Sasha CampbellComment

Hidden Roots: Why Your Body Won't Heal

Sasha CampbellComment
Hidden Roots: Why Your Body Won't Heal

Does our health status goes deeper than biology? Is it possible that in addition to all of the latest pharmaceuticals, nutritional supplements, fad diets and functional lab testing, that our strongest medicine is something hidden from the clinical treatment? Not an enzyme, nutrient or a mineral, but something lingering in a place that we are not even looking?

The relatively new scientific field of epigenetics is radically shifting what we understand about individual physical health expression and how it relates to emotional trauma, in some cases, trauma that didn't originate with you. Let me back this up a bit. What exactly are genes? There seems to still be this idea out there that genes are this kind of static biological computer code. The story that diseases are genetic, meaning that they are inherited, is only partially true. Genes are inherited, yes. But, genes need to be “turned on” to do the work of creating effects such as symptoms, and collections of symptoms, or what we know to be disease. What encourages genes to turn on? Environmental triggers. And, by environmental, I mean anything in the physical, emotional and energetic environment. So, yes, our parents, grandparents, and ancestors hand us the raw materials, but our exposures and choices determine the outcome.

When you experience an emotional trauma as dramatic as divorce, death or abuse, but also as seemingly benign as chronic stress, there are reactions happening at the physical level. A novel neuroendocrine pivot point is established immediately after the event occurs. Biologically speaking, there is an increased fight or flight stress response, nervous system shifts in the HPA axis, and changes in gut bacteria.[1] Individuals also experience loss of emotional resilience, and often psychological effects of anxiety and depression. [2] Emotional trauma can alter the entire genome and how our genes are expressed; physically, emotionally, mentally and energetically. [3] What is even more interesting is that these effects can be passed down intergenerationally. For example, if you have an anxious mother with low coping skills, she can pass down those behavioral trait genes to 6 future generations. In essence, we are writing a new genetic story as we are navigating the ancestral one.

There are multiple designations in functional medicine used for individuals that have problems with detoxification. Many have been diagnosed with the MTHFR genetic mutation or are otherwise categorized as slow oxidizers. A slow oxidizer will often experience fatigue, sweet cravings, and low blood sugar. They might also have weak adrenals, sluggish or fatty liver and/or microbiome imbalances. Since the HPA axis is the epicenter of biological stress regulation and is what controls the repair mechanism of cells, this begs the question; What does unresolved emotional trauma and chronic stress have to do with the physical process of detoxification, biochemical regulation, and genetic expression? I believe the short answer is: a whole lot.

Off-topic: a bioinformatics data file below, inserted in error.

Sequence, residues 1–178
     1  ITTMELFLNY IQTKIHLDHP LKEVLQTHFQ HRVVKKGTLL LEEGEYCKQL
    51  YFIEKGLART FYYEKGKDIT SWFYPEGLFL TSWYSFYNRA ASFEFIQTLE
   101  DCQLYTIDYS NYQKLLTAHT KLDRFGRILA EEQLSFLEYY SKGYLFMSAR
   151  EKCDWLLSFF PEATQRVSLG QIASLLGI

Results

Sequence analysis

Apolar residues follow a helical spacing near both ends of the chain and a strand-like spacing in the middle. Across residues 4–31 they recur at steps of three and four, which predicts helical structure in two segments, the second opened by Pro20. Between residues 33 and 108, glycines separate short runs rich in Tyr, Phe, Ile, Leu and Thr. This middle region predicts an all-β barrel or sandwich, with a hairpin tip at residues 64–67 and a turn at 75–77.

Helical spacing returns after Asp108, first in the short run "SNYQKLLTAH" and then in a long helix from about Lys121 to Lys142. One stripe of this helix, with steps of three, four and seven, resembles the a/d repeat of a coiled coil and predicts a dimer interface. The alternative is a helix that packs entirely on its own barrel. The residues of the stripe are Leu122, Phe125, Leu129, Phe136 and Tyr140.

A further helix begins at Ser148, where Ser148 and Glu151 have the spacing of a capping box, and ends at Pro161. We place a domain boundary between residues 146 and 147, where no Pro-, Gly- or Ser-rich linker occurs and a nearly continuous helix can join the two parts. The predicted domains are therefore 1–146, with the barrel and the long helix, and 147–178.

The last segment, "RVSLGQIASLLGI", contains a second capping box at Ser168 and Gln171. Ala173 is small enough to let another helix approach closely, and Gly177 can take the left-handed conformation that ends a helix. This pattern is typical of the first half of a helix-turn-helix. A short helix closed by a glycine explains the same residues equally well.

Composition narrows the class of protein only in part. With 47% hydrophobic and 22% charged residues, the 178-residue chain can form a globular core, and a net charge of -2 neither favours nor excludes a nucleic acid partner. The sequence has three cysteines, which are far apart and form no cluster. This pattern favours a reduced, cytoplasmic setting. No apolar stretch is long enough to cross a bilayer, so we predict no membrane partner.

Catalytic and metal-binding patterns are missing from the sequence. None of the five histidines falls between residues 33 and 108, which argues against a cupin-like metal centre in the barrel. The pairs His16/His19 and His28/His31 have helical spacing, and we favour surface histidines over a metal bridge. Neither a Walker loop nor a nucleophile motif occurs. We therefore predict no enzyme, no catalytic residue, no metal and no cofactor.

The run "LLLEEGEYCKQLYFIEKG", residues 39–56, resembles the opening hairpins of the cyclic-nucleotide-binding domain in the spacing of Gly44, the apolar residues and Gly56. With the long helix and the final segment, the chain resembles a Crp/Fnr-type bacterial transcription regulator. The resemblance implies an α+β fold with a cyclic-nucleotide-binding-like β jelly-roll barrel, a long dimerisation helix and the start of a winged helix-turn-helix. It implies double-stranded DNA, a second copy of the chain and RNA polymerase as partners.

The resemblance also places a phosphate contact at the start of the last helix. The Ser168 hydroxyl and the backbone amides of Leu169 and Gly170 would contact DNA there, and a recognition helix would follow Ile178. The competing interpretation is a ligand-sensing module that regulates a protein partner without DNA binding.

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When it comes to the body and emotional trauma, “time doesn’t heal, it conceals” according to Niki Gratix. “Trauma overwhelms us at the time it is occurring. To cope, we shunt it away into the unconscious.” This gets translated biologically as remodeling of the nervous system and HPA axis. The body reads it as sort of a suspended state of stress. Body imaging pet scans have shown that the body does not know the difference between a traumatic event and chronic ongoing stress. Both types of stress can even physically reduce brain volume. [4] On top of this, prior trauma primes the physiological inflammatory response to react more swiftly to subsequent stressful life events. Additionally, those that have experienced a traumatic event, and/or chronic daily life stress also are going to be magnets for environmental toxin accumulation because their detoxification systems have become dysregulated. This creates a positive feedback loop; more stress, less detox. Less detox, more toxin accumulation, more toxin accumulation, less physical health. Less physical health, more stress. See the cyclical pattern here?

Let me illustrate with a hypothetical. A child experiences physical abandonment of one parent. The child also experiences attachment issues with the remaining parent. She grows up feeling conditionally loved, and emotionally left out in the cold. She develops depression (stress-induced HPA axis dysfunctions, gut microbiota shifts) and eats food high in sugar and carbohydrates without realizing they are giving her temporary dopamine hits, but further dysregulating her blood sugar leading to lower lows. To correct her depression (low blood sugar and further HPA axis imbalance), she sees a Psychiatrist who prescribes her antidepressants. She no longer feels hopeless, but she doesn’t feel hopeful either. Meanwhile, the anti-depressants are further disrupting her HPA axis and cortisol levels. Her high stress levels lead to urinary tract infections. She sees a doctor for the UTIs and is prescribed multiple rounds of antibiotics, which further degrades gut bacteria and intestinal lining, as well as serotonin (the “happy” neurotransmitter - 90% of which is produced in the gut). She feels more depressed than ever, so her Psychiatrist changes her medication and she starts the cycle over again, on and on, with different diagnosis, medical professionals and cut-and-paste symptom management. Never solving the core issue. Only compounding her health status with each intervention.